SAN DIEGO — The fugitive defense contractor nicknamed “Fat Leonard” who orchestrated a massive bribery scheme involving dozens of US naval officials has applied for asylum in Venezuela, a law enforcement officer said Monday, nearly a week after he arrived in the South American country captured. .
Leonard Glenn Francis escaped house arrest in San Diego on September 4, just weeks before he was due to be sentenced. The official, who spoke on condition of anonymity as he was not allowed to speak to the press about the closed proceedings, did not provide further details about the Malaysian businessman’s movements. According to the law, the Venezuelan government must consider the asylum application.
Francis owned Singapore-based Glenn Defense Marine Asia Ltd. or GDMA, which has supplied ships with food, water and fuel for decades. He has acknowledged that he overbilled the US Navy by $35 million with the help of dozens of US Navy officers whom he bribed with prostitutes, Kobe beef, cigars and other bribes so that they could send their ships to Francis-controlled ports in the Pacific Ocean into Southeast Asia.
Known for his wide girth and big personality, Francis pleaded guilty in 2015 and faced up to 25 years in prison. While awaiting sentencing, he was placed under house arrest in San Diego to receive medical care while cooperating with the prosecution, leading to the convictions of 33 of the 34 defendants.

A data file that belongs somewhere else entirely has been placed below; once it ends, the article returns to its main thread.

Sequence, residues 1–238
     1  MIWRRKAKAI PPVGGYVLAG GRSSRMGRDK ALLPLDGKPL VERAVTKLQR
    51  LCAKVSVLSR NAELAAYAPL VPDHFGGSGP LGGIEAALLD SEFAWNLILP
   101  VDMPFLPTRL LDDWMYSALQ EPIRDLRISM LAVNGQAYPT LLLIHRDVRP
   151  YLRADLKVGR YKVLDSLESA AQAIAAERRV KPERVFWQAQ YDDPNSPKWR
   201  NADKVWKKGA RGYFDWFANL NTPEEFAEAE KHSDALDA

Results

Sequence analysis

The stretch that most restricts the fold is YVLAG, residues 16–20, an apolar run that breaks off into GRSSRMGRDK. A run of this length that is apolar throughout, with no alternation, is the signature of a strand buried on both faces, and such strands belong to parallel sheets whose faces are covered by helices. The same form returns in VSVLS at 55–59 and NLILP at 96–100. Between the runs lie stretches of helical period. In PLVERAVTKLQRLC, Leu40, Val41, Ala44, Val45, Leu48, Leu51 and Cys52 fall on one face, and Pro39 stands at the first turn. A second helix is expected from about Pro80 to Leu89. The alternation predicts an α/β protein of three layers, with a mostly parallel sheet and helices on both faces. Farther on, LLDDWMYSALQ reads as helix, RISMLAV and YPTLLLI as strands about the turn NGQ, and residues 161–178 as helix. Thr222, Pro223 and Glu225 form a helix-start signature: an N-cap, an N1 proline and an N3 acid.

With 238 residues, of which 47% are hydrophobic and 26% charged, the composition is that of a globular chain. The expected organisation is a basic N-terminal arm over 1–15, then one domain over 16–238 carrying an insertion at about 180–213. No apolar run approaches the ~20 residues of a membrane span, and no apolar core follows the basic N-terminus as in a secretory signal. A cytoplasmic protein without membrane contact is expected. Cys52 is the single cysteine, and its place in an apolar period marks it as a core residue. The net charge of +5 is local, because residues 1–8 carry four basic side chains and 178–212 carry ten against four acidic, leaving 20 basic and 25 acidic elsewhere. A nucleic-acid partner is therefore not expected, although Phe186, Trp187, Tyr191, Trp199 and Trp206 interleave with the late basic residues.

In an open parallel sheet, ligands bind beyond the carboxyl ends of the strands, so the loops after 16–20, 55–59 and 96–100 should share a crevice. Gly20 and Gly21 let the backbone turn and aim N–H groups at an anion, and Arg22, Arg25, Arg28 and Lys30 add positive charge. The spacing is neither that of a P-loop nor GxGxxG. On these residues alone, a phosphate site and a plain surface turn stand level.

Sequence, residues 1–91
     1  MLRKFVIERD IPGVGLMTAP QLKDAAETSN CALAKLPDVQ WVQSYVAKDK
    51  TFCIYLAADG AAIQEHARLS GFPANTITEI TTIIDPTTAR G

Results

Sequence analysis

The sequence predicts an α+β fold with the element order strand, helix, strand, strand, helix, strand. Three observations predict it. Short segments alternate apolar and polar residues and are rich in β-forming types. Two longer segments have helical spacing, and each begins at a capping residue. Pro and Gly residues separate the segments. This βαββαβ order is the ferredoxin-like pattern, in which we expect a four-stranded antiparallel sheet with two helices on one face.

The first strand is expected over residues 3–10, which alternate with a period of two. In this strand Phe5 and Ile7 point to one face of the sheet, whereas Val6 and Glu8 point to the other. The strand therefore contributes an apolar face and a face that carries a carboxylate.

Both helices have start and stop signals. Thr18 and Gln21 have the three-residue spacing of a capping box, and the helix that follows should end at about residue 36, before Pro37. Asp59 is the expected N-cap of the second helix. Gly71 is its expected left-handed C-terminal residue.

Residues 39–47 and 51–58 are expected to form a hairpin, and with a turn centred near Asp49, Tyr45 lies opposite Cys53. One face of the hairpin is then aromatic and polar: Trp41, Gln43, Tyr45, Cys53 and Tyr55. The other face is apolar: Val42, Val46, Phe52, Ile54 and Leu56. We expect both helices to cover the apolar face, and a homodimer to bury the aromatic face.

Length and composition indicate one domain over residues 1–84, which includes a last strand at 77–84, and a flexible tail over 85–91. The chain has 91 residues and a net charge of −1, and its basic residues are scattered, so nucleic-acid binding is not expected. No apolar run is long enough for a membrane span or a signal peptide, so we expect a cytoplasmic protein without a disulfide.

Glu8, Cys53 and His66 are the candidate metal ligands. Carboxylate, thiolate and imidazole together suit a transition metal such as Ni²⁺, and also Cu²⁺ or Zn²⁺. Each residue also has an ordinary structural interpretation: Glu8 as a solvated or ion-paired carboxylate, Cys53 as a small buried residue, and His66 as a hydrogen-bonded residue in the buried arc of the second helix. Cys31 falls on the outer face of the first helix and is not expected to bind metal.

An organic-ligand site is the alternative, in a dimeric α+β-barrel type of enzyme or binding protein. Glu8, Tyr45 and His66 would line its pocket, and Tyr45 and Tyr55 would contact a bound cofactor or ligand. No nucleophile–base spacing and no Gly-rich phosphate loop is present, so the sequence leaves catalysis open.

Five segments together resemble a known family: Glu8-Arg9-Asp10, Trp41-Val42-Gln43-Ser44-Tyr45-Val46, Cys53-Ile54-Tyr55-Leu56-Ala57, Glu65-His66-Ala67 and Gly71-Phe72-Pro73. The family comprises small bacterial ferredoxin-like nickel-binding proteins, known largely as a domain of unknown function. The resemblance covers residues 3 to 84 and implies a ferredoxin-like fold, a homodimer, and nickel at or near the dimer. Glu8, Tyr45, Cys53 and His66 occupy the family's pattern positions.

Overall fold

US and Venezuelan officials said Francis cut off his anklet, fled to Mexico and then went to Cuba before showing up in Venezuela. He was arrested there on Tuesday before boarding a flight at Simon Bolivar International Airport outside Caracas. Venezuelan officials have said he planned to reach Russia.
Venezuela and the United States have an extradition deal, although the Biden administration does not officially recognize President Nicolas Maduro’s socialist government, has no embassy in Venezuela and has imposed crushing sanctions on the country that has further embittered relations.
The US authorities have 30 days to formally request his extradition. In an email, a Justice Department spokesman said the agency would not comment on rendition issues.
The US law firm declined to comment when asked about Francis’s asylum application in Venezuela.